Ques re AIA contracts and modifying them and copyrights

la_koalaMarch 13, 2011

Hi,

I'm a homeowner and doing a kitchen remodel. I do not have an architect involved for the contract administration part (for a variety of reasons to long to mention here).

I've read postings on this forum that say something to the effect that one can obtain the AIA contracts (say A107) and modify them to meet one's needs. One posting used the words The AIA (Architectural Institute of America) has standard contracts that you can buy and modify with the help of a local lawyer to suit your particular situation.

I'm happy to buy the AIA contract. My question is about the "mechanical" part of the modification and the AIA copyright. How does one modify it and not infringe the copyright?

I'm trying to understand what's meant here when posters say to modify the AIA contracts, or use clauses from them in your own contract, with respect to the whole copyright aspect. Especially since I know I'll have to replace wherever it says "architect" with "Owner" (me)

I mean, does "buying the contract doc from the AIA and modifying it to fit my project" mean I should:

- Copy the language and paste it into a new Word file, and global replace "architect" with "Owner"?

- Keep the AIA words and strike the word "architect" with a pen and initial the margin and attach an Addendum that says "globally, replace "architect" with "Owner"?

- Contact the AIA and ask them to give me permission to copy and paste, after buying the license to use the contract?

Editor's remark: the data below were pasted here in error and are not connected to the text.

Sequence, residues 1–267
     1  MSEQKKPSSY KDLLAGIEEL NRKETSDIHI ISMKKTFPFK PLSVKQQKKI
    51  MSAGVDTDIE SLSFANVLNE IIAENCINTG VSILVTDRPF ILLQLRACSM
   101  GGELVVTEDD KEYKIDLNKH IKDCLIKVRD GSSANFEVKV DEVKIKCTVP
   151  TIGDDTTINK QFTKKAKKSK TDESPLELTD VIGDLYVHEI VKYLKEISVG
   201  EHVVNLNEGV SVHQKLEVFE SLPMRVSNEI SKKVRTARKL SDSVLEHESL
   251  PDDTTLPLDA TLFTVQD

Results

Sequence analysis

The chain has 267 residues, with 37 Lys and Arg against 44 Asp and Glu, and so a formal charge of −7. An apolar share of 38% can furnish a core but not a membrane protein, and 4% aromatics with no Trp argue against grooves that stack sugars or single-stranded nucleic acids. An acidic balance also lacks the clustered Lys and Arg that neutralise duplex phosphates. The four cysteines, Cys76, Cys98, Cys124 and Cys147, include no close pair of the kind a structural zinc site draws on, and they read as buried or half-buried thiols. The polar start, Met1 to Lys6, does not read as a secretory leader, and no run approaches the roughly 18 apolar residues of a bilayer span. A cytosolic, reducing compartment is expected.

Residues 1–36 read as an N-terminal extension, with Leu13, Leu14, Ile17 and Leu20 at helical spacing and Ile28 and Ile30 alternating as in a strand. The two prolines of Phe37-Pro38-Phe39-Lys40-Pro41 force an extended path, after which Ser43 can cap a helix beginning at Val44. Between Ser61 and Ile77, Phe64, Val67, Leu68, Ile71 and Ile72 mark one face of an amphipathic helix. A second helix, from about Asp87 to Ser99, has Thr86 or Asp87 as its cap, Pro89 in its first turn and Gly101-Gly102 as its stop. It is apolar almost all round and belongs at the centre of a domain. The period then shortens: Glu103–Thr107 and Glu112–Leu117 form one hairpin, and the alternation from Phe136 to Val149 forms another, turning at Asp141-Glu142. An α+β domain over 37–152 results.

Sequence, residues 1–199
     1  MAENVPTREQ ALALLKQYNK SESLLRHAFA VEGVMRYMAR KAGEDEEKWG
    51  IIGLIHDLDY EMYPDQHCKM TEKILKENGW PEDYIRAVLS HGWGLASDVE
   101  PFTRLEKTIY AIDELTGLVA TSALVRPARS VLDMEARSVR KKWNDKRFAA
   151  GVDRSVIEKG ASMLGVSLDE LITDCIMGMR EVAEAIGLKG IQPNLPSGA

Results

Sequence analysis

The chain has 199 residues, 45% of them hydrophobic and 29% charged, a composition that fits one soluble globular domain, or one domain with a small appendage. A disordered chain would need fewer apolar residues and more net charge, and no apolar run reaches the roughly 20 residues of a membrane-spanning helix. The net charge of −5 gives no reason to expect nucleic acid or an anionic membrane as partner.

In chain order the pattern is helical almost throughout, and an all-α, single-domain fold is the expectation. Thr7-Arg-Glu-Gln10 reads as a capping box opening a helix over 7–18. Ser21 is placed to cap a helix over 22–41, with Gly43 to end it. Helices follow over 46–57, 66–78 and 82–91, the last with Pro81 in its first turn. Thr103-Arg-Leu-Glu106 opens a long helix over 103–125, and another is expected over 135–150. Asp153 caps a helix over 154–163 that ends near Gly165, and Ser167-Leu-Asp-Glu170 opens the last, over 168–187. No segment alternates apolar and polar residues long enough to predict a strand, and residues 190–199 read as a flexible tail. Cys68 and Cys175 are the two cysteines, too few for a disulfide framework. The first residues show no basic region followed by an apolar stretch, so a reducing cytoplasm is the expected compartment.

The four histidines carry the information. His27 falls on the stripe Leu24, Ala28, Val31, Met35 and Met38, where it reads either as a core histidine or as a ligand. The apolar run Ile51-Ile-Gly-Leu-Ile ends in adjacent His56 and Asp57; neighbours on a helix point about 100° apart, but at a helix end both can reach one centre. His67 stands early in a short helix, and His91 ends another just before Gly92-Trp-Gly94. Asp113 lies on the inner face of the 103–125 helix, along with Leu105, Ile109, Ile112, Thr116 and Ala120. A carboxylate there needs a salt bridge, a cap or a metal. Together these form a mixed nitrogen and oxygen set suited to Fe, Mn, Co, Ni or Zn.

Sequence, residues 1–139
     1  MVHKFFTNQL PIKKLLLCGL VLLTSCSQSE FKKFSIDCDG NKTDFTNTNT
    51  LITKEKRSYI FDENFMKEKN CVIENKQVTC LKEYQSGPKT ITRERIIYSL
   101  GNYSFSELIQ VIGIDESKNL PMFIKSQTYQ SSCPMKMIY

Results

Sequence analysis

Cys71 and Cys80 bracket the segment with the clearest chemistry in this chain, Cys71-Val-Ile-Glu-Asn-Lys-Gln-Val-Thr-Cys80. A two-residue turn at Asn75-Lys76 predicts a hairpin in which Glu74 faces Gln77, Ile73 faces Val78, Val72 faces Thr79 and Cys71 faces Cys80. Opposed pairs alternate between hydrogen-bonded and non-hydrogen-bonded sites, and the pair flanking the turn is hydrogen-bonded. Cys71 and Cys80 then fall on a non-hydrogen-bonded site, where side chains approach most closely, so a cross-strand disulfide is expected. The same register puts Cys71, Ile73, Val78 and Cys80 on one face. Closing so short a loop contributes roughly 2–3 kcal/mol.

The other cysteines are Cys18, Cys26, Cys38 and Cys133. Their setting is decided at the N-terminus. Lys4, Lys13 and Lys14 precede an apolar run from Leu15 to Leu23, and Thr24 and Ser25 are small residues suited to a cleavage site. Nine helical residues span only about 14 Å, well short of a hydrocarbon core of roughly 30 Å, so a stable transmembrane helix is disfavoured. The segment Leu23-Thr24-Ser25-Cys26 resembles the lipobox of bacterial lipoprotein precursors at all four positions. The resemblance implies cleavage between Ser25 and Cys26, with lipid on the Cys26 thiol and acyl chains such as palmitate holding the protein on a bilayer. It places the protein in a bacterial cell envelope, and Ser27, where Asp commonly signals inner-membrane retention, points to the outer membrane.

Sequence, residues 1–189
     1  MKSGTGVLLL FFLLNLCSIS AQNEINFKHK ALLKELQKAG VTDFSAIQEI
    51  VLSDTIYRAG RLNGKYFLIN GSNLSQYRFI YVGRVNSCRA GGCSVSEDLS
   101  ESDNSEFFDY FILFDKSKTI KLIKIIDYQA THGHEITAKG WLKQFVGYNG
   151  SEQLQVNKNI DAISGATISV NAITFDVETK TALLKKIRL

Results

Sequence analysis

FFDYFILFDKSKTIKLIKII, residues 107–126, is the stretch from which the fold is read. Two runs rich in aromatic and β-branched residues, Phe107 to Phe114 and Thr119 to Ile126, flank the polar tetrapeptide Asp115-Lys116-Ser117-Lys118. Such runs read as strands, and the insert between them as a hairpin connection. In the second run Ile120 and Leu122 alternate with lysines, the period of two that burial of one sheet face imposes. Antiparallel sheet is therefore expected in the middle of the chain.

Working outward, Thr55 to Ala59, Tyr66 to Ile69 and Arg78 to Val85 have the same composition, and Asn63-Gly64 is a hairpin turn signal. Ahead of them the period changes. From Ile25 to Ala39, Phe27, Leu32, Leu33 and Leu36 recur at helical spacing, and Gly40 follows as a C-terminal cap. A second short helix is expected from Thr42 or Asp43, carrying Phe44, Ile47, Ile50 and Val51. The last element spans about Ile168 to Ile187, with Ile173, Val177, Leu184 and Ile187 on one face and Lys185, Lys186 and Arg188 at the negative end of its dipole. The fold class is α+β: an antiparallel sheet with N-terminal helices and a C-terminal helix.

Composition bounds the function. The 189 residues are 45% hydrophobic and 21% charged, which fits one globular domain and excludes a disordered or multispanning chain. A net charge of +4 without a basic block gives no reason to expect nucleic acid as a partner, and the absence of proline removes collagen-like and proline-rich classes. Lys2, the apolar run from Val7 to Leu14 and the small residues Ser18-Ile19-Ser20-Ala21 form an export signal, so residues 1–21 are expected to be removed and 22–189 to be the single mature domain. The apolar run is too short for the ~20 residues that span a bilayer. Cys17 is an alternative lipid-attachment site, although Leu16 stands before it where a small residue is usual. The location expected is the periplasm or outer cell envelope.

My only other alternative for this project is to write a contract from scratch, and even in that case, I'd like some proven text to use as a starting point.

Thanks in advance!

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brickeyee

'How does one modify it and not infringe the copyright? "

By paying a fee.

    Bookmark   March 14, 2011 at 6:36PM
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la_koala

Thanks brickeyee-- I was intending to pay the fee to get a copy.

But even after paying the fee and getting the printed AIA page, can I white out words (obliterating them) and write my own in the white space? Or do I have to strikeout the original AIA words (leaving them visible) and write my own words above?

Thanks!

    Bookmark   March 14, 2011 at 6:41PM
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brickeyee

It depends on what the license they gave you when they sold you a copy.

It is likely for a 'single use' on a single project.

    Bookmark   March 15, 2011 at 2:26PM
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DancingSea

I am in a similar situation. I'm building a guest cottage using a contractor and no architect. The AIA contracts, particularly A107-2007, is exactly what I need. But the language is full of references for the architect. I have a book that suggests striking out "architect" and writing "owner" above it, and initialing it. The AIA was very unhelpful, but inferred that minor changes to a contract you paid for does not effect copyright - they would offer no advice about how to change "architect" to "owner".

Not satisfied, I contacted the most powerful and respected real estate attorney in my area. He said:
"For âÂÂarchitectâ on p.1,, insert âÂÂas may be designated by Ownerâ and leave everything the same."

Thus there you go. A simple solution that does not involve modifying or changing anything in the contract. I thought this might help others in a similar situation.

    Bookmark   September 11, 2013 at 9:18AM
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renovator8

Only modifying the architect name on p.1 is not adequate if an architect is not used since the document repeatedly refers to an architect. Just cross it out wherever it appears and if appropriate enter the name of another person responsible for administration and quality control. Don't leave inaccurate or misleading statements in a contract. This is not a real estate contract.

    Bookmark   September 11, 2013 at 9:33PM
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